On the morning of June 18, 1994, a Learjet 25D carrying 10 passengers and two pilots crashed less than a mile from the threshold of Runway 1R on approach to Dulles International Airport.
Europe’s Joint Aviation Authorities (JAA) want to require pilots to respond to resolution advisories (RAs) from airborne collision avoidance systems (ACAS) in all circumstances. On March 1, the regulator issued a notice of proposed amendment (NPA) for JAR-OPS 1.398 rules covering ACAS operations.
The FAA has withdrawn its decade-old proposal to rescind its requirement for Mode-S transponders and adopted a new rule that will end the hundreds of Mode-S installation exemptions currently in effect. Beginning March 1, 2007, Part 121 and 135 operators will no longer be exempted to fly without a Mode-S transponder.
As a result of the Era Aviation Sikorsky S-76++ crash, the NTSB asked the FAA to require terrain awareness and warning systems (TAWS) on all U.S.-registered turbine helicopters that are certified to carry at least six passengers.
FAA Information for Operators 06005 (www.faa.gov/other_visit/aviation_industry/airline_operators/airline_safety/info) released last month alerts operators of aircraft equipped with TCAS and other collision or advisory devices of the potential for traffic advisories or other spurious signals caused by active transponders aboard
Safety information about TCAS equipment and its use is now available in the form of a new FAA Safety Bulletin (www.faa.gov/and/and500/500/docs/TCAS_SAFETY_BUL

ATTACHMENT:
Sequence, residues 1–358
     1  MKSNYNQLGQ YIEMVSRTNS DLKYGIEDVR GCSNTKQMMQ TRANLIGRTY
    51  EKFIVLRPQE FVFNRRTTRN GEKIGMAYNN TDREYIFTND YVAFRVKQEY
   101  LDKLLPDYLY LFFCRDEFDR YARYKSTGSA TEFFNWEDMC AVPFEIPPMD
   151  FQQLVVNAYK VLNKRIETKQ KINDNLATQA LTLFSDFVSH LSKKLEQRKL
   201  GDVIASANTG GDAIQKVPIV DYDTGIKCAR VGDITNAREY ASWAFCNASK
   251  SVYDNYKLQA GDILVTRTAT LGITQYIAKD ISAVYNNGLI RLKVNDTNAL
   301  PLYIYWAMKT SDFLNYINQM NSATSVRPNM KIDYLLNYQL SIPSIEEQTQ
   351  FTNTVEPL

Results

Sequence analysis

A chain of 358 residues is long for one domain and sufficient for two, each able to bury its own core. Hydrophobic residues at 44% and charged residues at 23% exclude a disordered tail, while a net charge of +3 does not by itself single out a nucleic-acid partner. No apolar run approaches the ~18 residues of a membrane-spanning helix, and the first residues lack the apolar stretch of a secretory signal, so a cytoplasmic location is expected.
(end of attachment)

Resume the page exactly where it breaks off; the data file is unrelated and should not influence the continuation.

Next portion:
The FAA might revive TCAS III. The system, which would add lateral resolution advisories (RA) to the current TCAS II’s vertical commands, was proposed many years ago but dropped after technical investigations showed that it would have been extremely difficult to develop and implement.
The statistics tell the story. Over the last four years, there have been 1,475 runway-incursion incidents at controlled airports in the U.S., an average of one a day. Data from other countries are not readily available, but experts say incursions are on the rise worldwide. While the Federal Aviation Administration has focused primarily on pilot education initiatives to warn of the dangers of incursions, avionics makers have other ideas.
The European Aviation Safety Agency and the Direction Générale de l’Aviation Civile of France have issued approvals for limited use of Honeywell’s runway awareness and advisory system (RAAS) in Europe. The EASA STC covers RAAS installation on the Learjet 31, 35, 36, 55 and 60, while the French authority approved the system for the Boeing 777.
Aviation Communication & Surveillance Systems (ACSS), an L-3 Communications & Thales company, is at Dubai 2005 (Stand E609) featuring its new SafeRoute software which provides flight and ground separation functions residing on a common computing platform.